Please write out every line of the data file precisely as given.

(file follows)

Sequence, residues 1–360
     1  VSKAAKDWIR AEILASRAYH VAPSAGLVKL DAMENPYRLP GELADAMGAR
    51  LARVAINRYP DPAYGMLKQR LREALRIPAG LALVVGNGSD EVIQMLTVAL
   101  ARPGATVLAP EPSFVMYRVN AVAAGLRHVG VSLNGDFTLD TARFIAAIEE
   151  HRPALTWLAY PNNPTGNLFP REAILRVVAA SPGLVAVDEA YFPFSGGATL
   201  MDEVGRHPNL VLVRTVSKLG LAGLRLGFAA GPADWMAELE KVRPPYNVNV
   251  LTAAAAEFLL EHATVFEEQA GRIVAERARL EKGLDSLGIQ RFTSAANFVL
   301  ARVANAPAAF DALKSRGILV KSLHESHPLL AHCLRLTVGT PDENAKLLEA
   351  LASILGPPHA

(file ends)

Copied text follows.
Sequence, residues 1–360
     1  VSKAAKDWIR AEILASRAYH VAPSAGLVKL DAMENPYRLP GELADAMGAR
    51  LARVAINRYP DPAYGMLKQR LREALRIPAG LALVVGNGSD EVIQMLTVAL
   101  ARPGATVLAP EPSFVMYRVN AVAAGLRHVG VSLNGDFTLD TARFIAAIEE
   151  HRPALTWLAY PNNPTGNLFP REAILRVVAA SPGLVAVDEA YFPFSGGATL
   201  MDEVGRHPNL VLVRTVSKLG LAGLRLGFAA GPADWMAELE KVRPPYNVNV
   251  LTAAAAEFLL EHATVFEEQA GRIVAERARL EKGLDSLGIQ RFTSAANFVL
   301  ARVANAPAAF DALKSRGILV KSLHESHPLL AHCLRLTVGT PDENAKLLEA
   351  LASILGPPHA